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Robert Longley

Americans Abandoning the Doctor?

By December 10, 2012

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Whether it's because we're getting healthier or just poorer, Americans are going to the doctor less often, according to the U.S. Census Bureau.

The Census Bureau's survey, Health Status, Health Insurance, and Medical Services Utilization: 2010, shows that adult working age Americans went to see doctors, nurses and other medical providers an average of 3.9 times during 2010, down from an average of 4.8 times in 2001.

"The decline in the use of medical services was widespread, taking place regardless of health status," said Brett O'Hara, chief of the Census Bureau's Health and Disability Statistics Branch in a press release.

Maybe it's because Americans consider themselves pretty darn healthy. Nearly 66% of those who responded to the Census Bureau's survey said their health was either "excellent" or "very good." Another 24% said their health was "good," while 8% described it as "fair" and 2% as "poor." More than half (59%) of children are in excellent health, compared to 9% of persons 65 or older.

Even among persons describing their health as fair or poor, the average number of annual doctor visits dropped from 12.9 to 11.6 over the 2001 to 2010 period. Doctor visits also fell from 5.3 to 4.2 for those reporting good health and from 3.2 to 2.5 among those who said their health was excellent or very good.

Also See: House Doubles Funding to Help Blinded Veterans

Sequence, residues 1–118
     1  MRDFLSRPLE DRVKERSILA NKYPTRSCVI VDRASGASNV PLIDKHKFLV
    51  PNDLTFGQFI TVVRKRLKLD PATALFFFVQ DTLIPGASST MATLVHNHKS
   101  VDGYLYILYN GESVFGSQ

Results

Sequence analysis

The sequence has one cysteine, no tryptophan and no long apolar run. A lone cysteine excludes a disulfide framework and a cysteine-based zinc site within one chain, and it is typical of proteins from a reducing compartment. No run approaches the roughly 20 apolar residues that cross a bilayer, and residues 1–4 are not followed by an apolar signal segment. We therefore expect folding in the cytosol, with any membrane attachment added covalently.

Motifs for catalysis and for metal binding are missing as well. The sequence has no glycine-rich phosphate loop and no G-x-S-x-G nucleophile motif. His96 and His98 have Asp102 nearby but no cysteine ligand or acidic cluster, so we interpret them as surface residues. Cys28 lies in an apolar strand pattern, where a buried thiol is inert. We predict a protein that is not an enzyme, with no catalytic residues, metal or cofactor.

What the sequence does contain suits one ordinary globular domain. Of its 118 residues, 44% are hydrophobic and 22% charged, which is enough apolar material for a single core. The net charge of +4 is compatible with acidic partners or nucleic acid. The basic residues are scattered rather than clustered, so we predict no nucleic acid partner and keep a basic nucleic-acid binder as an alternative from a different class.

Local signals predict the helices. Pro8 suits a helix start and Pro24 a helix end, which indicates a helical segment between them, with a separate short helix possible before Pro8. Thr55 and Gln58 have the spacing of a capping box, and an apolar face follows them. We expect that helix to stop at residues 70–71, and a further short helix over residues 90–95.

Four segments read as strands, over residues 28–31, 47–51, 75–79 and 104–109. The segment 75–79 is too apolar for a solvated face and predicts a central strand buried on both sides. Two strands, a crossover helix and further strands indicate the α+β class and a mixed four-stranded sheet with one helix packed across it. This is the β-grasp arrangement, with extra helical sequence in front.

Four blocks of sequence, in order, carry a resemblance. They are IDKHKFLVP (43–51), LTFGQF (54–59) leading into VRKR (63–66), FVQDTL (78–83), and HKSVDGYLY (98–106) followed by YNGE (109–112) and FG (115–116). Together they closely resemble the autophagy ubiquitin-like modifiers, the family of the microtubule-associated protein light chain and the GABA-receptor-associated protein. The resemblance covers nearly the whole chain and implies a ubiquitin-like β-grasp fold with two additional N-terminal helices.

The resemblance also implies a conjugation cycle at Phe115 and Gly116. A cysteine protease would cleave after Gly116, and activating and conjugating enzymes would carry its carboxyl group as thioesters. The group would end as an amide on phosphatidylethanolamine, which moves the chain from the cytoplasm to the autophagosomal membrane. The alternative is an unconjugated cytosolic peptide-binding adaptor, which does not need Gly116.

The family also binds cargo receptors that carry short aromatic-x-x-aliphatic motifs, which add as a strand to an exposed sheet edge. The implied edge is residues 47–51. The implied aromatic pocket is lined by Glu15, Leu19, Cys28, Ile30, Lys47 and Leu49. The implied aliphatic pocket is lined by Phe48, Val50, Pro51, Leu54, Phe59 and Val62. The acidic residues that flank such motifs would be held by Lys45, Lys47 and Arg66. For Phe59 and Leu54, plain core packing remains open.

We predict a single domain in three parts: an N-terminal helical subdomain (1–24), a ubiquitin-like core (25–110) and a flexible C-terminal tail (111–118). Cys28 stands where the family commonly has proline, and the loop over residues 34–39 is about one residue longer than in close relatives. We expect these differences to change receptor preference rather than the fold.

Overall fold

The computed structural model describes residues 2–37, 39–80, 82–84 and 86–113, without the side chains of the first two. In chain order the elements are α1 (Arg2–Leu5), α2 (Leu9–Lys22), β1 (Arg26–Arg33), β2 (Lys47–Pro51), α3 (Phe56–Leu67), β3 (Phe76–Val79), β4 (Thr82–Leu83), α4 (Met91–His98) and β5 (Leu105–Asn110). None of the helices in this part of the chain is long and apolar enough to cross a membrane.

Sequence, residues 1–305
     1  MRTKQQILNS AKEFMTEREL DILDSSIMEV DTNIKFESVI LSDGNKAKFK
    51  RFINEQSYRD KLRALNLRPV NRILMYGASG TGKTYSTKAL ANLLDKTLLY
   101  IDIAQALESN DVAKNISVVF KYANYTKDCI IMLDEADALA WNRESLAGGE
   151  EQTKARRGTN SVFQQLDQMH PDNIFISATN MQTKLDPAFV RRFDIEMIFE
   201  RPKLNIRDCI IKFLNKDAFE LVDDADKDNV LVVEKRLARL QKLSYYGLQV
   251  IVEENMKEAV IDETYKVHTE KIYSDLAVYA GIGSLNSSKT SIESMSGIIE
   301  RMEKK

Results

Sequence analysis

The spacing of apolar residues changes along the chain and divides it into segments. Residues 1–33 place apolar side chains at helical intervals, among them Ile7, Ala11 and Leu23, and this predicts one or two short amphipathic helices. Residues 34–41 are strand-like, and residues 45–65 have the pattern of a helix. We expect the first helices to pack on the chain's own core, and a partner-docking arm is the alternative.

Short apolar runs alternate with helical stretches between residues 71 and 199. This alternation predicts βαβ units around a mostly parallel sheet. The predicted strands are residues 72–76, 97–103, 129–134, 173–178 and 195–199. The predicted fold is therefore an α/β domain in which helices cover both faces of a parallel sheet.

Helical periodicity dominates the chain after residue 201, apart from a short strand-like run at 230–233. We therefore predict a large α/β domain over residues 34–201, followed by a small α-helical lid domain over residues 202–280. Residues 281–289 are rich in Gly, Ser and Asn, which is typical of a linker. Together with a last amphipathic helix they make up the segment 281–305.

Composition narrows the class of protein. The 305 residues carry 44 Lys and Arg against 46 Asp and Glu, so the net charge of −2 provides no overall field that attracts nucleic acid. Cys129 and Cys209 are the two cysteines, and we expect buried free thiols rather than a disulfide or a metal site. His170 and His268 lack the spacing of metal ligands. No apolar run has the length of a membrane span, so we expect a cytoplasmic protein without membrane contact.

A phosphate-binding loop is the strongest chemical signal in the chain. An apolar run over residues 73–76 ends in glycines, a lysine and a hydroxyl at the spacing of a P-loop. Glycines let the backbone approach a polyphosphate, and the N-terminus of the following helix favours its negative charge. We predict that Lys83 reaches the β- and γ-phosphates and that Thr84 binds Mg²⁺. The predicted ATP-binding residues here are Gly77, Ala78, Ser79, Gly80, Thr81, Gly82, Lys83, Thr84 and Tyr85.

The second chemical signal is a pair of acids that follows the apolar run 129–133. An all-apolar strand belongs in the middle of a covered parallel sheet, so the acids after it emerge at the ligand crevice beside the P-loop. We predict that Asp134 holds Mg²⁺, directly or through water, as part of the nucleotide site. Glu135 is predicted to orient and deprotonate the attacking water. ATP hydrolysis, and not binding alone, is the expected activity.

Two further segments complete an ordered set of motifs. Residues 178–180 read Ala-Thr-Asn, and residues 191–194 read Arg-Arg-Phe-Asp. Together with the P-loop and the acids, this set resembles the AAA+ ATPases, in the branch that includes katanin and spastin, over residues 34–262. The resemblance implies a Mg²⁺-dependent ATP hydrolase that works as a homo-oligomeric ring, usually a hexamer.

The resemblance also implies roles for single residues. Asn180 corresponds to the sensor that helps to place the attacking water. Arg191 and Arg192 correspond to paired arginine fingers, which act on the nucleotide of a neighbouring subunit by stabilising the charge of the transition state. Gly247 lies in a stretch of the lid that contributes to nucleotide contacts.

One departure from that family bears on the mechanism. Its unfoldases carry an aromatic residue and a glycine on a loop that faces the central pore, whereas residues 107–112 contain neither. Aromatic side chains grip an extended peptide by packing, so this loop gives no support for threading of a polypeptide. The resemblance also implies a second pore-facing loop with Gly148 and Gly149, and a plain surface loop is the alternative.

The survey showed that visits to medical providers becomes less likely with age, as 37% of younger adults ages 18 to 24 made no visits to providers during 2010, compared with only 8% of those 65 and older.

Hospital stays have become rare. According to the survey, 92% of the U.S. population did not spend a single night in a hospital during 2010, and only 1% spent eight or more nights.

What About Health Insurance?

The survey confirmed the trend for uninsured persons to use hospital emergency rooms as their health care provider. Among uninsured adults who visited a medical provider or dentist during 2010, 13% visited an emergency room and another 10% used non-emergency hospital services. Twenty percent of the uninsured reported getting free medical services in 2011 and 30% received discounted services.

During 2010, 12% of all uninsured adults received routine check-ups, including 21% of those in poor health.

Among people under 65, those in fair health were more likely (25%) to be uninsured than those in good (24%) or fair (23%) health. Only 20% of those in good health and 16% of those in excellent health were uninsured.

Also See:
Health Insurance for Uninsured Children
Rural Kids Face Different Health Challenges
Rural Veterans to Get Better Access to Health Care


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